Academic journal article Shofar

The Trilling Files

Academic journal article Shofar

The Trilling Files

Article excerpt

The FBI dossier on Lionel Trilling discloses that the Bureau followed his activities intermittently for almost three decades. An active file was maintained on Trilling from the late 1930s to the mid-1960s. Most of these reports address Trilling's peripheral connection to ongoing FBI probes and to its scrutiny of communist figures and issues, and reveal how out of touch FBI intelligence was about which American intellectuals posed security threats. Although Trilling's FBI dossier contains no bombshell revelations and discloses no technical violations of his civil liberties, his surveillance by the FBI was wasteful and unnecessary; in any event, it demonstrates a skewed understanding of the balance among national security, social order, and personal liberty.

I

The FBI never conducted a formal investigation of Lionel Trilling.1 But the FBI dossier on Trilling discloses that the Bureau followed his activities intermittently for almost three decades. It searched his records periodically, interviewed him to uncover information about his acquaintances, and investigated him as a possible security risk long after he had resigned from the National Committee for the Defense of Political Prisoners (NCDPP), a Communist Party affiliate organization consisting largely of writers and intellectuals.2 The FBI files comprise 60 pages exclusively about him and include more than 200 pages involving other investigations in which his name arose, thereby resulting in agents monitoring him periodically.3 The dossier runs from 1937 to 1965 and covers reports from regional FBI bureaus in New York City, Boston, Detroit, and Baltimore, though numerous pages are simply blacked out, most of them involving the Alger Hiss-Whittaker Chambers case.

Most of these reports address Trilling's peripheral connection to ongoing FBI probes and to its scrutiny of communist figures and issues, ranging from Leon Trotsky and his connections to sectarian American Trotskyist groups in the 1930s to the Soviet Union's antisemitism and the U.S. embargo against Castro's Cuba in the 1950s and '60s, respectively. Much of the file also addresses Trilling's novel, The Middle of the Journey (1947), because one of its protagonists, the ex-CP member Gifford Maxim, was closely based on Whittaker Chambers, whom Trilling knew personally from their student days together at Columbia in the early 1920s. A revealing (though perhaps unsurprising) feature of the file-which speaks volumes about the standard datacollection methods of secret intelligence agencies-is that no agent ever seems to have read any of Trilling's work in order to ascertain his political positions, except for what one agent refers to as the Bureau's "review" of Trilling's novel to determine whether it contained any useful information on Chambers' communist past. The agent determined that it did not. (At the center of Lionel Trilling's only novel, The Middle of the Journey, was Whittaker Chambers, a Columbia man and a spy. Chambers had tried to recruit Diana Trilling for Soviet espionage. In her 1993 memoir, The Beginning of the Journey, she candidly reports that she was proud to be asked, and although she refused, she felt sufficiently beholden to Chambers and the revolutionary cause that she never phoned the FBI.)4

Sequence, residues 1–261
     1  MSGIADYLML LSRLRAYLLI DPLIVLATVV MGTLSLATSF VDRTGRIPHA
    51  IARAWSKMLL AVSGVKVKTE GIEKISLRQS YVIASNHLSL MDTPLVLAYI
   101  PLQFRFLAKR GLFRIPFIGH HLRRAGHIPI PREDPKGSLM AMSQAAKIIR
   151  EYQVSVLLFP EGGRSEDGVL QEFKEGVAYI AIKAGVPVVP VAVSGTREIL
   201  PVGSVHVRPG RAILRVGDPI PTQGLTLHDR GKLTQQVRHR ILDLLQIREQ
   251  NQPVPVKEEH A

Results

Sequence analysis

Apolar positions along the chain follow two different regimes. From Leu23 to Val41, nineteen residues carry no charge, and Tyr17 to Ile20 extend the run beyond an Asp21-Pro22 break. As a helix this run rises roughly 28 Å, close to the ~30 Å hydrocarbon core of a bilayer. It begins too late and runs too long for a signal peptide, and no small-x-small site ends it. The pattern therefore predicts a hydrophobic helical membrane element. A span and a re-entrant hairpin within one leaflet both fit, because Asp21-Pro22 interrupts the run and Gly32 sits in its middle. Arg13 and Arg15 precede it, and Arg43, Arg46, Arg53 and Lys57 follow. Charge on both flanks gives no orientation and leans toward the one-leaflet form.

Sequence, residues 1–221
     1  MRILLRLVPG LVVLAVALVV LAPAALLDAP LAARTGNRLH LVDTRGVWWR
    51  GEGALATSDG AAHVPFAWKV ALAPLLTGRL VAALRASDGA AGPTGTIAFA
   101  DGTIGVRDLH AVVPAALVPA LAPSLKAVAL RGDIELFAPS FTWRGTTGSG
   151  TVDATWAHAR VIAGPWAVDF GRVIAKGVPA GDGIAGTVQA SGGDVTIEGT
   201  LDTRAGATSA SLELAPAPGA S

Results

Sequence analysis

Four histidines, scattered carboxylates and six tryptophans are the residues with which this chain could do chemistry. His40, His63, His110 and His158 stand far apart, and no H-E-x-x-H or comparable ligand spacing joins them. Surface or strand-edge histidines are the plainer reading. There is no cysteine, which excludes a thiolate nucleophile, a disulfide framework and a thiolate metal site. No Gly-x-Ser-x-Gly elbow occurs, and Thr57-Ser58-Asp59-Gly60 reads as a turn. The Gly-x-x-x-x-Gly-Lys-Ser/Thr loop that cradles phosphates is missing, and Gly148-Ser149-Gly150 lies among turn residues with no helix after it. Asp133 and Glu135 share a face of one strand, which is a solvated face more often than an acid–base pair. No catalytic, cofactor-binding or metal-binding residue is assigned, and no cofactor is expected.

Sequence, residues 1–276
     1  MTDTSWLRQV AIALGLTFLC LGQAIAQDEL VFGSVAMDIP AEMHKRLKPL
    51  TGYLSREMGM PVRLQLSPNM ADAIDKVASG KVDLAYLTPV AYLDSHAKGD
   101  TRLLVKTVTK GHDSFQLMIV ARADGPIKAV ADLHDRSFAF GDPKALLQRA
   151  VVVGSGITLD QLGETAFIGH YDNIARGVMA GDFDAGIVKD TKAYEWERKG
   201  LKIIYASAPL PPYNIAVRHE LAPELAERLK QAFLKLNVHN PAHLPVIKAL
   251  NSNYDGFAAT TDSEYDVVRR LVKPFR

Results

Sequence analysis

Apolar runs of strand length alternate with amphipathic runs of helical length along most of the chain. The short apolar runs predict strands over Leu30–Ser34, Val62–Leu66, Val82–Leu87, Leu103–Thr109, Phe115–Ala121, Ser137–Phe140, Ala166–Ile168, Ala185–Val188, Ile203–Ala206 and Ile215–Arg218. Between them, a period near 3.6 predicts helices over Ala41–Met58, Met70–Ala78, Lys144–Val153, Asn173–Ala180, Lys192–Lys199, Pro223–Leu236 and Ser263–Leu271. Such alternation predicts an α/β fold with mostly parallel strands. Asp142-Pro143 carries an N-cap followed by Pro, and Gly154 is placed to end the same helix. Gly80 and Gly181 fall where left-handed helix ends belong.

Although Trilling was never seriously harassed by the Bureau, this essay argues that his dossier constitutes important historical material. Among other things, his file discloses how out of touch FBI intelligence was about which American intellectuals posed security threats-and indeed how misplaced was Trilling's increasing satisfaction with postwar American life.

Finally, the Jewish context of the Trilling investigation is an open question that is difficult to answer. Clearly, the FBI was especially interested in Jewish intellectuals, including many of the members of the New York Intellectuals, because of their communist (specifically Trotskyist) backgrounds or convictions. …

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